As for Schoep, "He is doing great! I think he feels really good. He is not sick and he is not dying, he is just an old dog and has arthritis," she said.

"He’s still really active, we do three walks a day and we swim as much as we can," Unger went on to say. "I take him to the berry farm and let him just be a dog when I can."

The pair is heading for their fourth laser treatment on Tuesday to ease the pain in the elderly shepherd's joints and donations have now been pouring in to help pay for his laser treatments to combat his arthritis. Prints can be bought at, and a portion of the proceeds will go towards vet bills.
story/photos source

Now, the 20 year old dog has left the planet...

On Thursday, the news that Schoep had died was posted on Facebook. "I Breathe But I Can't Catch My Breath... Schoep passed yesterday[,] more information in the days ahead."
story here

1 comment:

  1. a friend called Tuesday night; I had not heard much from her since her dog died in late June. right before my own Uncle died.
    My own grief over the lost of my dog has/had lingered for several years; confounding even my best of friends I am sure, but a search for a new dog to rescue had left me empty and finally indifferent to my grief.
    Little did I know that my friend who is great at rituals after the death of people and pets (we could all take a lesson in mental health from her methods!) has encountered by some fate or chance an animal in a online profile - she passed by it many times she said - but then she saw 'something' that was, in simple terms (for me) a sign - a sign from God IMO! and she went to visit this damaged, neglected animal.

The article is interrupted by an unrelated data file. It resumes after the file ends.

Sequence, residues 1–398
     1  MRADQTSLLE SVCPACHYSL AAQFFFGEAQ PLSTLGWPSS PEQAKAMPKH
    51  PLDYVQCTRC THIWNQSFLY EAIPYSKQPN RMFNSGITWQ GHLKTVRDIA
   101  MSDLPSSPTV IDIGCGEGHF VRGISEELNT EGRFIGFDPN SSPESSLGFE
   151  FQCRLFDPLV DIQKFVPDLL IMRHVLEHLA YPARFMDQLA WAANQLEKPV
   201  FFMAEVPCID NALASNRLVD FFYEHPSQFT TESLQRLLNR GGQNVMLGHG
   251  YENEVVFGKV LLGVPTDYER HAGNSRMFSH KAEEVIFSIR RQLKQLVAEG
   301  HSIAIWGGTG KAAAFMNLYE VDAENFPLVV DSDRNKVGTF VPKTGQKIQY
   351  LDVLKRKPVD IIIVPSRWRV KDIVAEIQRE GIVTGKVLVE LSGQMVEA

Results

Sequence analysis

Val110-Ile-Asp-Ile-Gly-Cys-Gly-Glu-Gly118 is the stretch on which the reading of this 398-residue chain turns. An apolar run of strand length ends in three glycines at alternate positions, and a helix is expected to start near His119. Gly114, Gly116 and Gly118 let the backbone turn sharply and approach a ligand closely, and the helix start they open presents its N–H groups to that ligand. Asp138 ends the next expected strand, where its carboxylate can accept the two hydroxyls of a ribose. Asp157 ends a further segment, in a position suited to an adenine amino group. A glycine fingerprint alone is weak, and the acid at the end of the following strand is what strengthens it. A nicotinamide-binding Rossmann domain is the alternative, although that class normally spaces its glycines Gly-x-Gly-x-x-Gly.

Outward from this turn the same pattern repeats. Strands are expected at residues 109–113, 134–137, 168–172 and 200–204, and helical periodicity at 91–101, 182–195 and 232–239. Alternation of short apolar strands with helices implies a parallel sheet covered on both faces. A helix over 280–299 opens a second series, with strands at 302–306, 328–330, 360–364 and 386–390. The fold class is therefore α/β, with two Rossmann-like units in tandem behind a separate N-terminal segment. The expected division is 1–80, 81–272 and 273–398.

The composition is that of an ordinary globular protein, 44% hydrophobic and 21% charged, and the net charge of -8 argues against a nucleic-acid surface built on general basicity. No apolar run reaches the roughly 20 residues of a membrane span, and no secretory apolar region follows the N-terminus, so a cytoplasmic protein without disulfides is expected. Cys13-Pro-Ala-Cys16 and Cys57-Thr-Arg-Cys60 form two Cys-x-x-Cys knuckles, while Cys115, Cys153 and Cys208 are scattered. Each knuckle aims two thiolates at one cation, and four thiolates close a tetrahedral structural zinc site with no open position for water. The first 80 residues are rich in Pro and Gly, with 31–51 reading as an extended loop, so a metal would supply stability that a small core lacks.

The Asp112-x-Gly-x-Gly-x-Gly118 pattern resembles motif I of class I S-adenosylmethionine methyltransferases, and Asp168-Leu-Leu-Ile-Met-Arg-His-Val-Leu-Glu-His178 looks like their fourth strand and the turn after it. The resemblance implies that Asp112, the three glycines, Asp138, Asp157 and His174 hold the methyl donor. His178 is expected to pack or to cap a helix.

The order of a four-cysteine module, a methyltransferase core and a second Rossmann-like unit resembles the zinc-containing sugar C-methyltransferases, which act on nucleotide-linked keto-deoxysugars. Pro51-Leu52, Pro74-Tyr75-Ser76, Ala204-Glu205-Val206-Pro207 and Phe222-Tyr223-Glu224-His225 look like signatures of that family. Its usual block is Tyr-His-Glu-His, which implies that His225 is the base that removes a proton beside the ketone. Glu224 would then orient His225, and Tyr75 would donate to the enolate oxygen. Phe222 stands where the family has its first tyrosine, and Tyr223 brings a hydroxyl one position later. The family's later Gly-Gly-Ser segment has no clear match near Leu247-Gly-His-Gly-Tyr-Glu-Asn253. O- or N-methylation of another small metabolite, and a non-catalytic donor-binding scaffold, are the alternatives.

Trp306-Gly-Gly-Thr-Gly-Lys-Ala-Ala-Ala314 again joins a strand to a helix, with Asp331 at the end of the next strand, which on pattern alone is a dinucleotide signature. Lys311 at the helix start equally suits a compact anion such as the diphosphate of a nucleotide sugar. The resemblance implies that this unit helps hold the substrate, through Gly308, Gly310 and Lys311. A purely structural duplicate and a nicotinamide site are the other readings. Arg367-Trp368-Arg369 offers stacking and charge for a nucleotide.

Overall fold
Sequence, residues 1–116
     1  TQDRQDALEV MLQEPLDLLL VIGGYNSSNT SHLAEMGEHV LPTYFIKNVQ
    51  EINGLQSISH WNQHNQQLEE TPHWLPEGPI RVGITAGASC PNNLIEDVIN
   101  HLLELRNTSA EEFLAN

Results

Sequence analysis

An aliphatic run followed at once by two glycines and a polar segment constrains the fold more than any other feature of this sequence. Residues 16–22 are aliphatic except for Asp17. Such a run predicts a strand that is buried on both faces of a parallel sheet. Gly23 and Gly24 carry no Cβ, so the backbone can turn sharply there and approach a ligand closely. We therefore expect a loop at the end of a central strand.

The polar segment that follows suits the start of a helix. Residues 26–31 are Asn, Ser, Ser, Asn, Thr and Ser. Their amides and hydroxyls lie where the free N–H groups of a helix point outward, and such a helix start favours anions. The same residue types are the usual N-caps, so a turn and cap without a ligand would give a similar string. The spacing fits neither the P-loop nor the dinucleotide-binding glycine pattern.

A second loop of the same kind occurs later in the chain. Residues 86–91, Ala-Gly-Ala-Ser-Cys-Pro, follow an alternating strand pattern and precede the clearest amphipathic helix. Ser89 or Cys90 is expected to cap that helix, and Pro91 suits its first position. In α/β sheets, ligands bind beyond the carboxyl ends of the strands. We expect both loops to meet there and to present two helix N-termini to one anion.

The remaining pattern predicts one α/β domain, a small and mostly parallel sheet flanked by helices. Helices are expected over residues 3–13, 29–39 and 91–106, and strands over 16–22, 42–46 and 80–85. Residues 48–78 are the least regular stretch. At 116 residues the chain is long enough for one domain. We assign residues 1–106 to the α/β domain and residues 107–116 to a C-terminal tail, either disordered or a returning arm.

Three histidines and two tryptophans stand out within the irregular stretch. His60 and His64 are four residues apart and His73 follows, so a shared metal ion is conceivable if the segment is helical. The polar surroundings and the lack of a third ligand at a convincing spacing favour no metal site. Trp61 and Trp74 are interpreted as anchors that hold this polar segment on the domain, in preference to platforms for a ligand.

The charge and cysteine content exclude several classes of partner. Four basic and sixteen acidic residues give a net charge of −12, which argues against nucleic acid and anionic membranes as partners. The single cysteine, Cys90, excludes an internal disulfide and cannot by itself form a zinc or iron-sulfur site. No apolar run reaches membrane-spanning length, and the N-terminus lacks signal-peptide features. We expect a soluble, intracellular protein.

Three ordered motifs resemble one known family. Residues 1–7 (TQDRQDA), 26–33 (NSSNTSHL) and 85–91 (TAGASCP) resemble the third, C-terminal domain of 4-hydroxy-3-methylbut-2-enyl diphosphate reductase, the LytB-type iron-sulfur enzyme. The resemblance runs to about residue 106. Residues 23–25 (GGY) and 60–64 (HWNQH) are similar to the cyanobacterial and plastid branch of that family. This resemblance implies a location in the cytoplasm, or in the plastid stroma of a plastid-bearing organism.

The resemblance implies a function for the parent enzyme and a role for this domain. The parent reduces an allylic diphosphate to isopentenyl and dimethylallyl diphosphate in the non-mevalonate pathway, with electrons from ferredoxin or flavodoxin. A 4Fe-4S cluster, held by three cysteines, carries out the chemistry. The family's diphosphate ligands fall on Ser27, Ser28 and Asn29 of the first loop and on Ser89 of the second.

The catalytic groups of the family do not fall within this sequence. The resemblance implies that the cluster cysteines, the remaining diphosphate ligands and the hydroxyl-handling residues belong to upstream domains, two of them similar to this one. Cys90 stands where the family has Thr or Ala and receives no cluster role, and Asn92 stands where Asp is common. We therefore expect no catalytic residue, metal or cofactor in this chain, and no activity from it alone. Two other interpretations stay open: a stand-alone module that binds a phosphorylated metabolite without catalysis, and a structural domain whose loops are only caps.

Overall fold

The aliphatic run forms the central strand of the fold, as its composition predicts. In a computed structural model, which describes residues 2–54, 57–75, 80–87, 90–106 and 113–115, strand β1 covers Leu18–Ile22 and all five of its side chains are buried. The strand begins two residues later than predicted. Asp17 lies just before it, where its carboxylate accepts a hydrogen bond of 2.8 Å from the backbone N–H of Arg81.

The story of her new friend she has had for a month now is one of many health issues that need a bit of love and care and vet visits to stabilize a loving dog that surely is in all sorts of pains; yet even from this great distance i see a meek and loving soul walking a path to comfort a dog that in many cases in parts of our country would be disposed of - much like a bunch of strays living in bushes by a parking lot, where a stupid man with power of his pizza joint will make these cats/kittens disappear into the countryside to live out their short lives.

    My friend reminds me of one person picking up the cross to carry a heavy soul of a dog that needed her, as much as she found - she needed him.
    now vet care costs a great deal more in the Manhattan/Wamego area than it should; so gladly the story of her dog and her tender care of him much like the story posted here will be the best she can provide even if it is a small tube of Orajel I suggested she use to take a bit of pain from his 2 teeth that have nerve exposure.

    She like the man above would cradle this new beast to insure he knows he has a home - one not of uncertainty but of peace and long lasting love and companionship. She reminds me of a phrase saying: 'The meek shall inherit the Earth" she truly IS that! (she might not agree with my word - meek - we all see our friends differently at times) but she IS walking the walk and another soul of a dog is given a new life.
    while my words and story make no sense to you all and the relation to the post above, I tried to share my inspiration I got here... and saw a bit my friend in this post above.

    like the kittens and cats that are a 'problem' for a pizza place in a rural KS town that may well end up dumped in the countryside and die an unloved life - saving a animal's life it appears to me ALWAYS COMES DOWN TO MONEY now days. whether its a dog in the Portland area, strays east of Manhattan, or my own cat that I can not afford to freeze off a tumor to save his life for a few years more with him..
    Money seems to trump humanity - it seems so great when people have some, and can choose to do loving things and find the reward is love greater than money can quantify.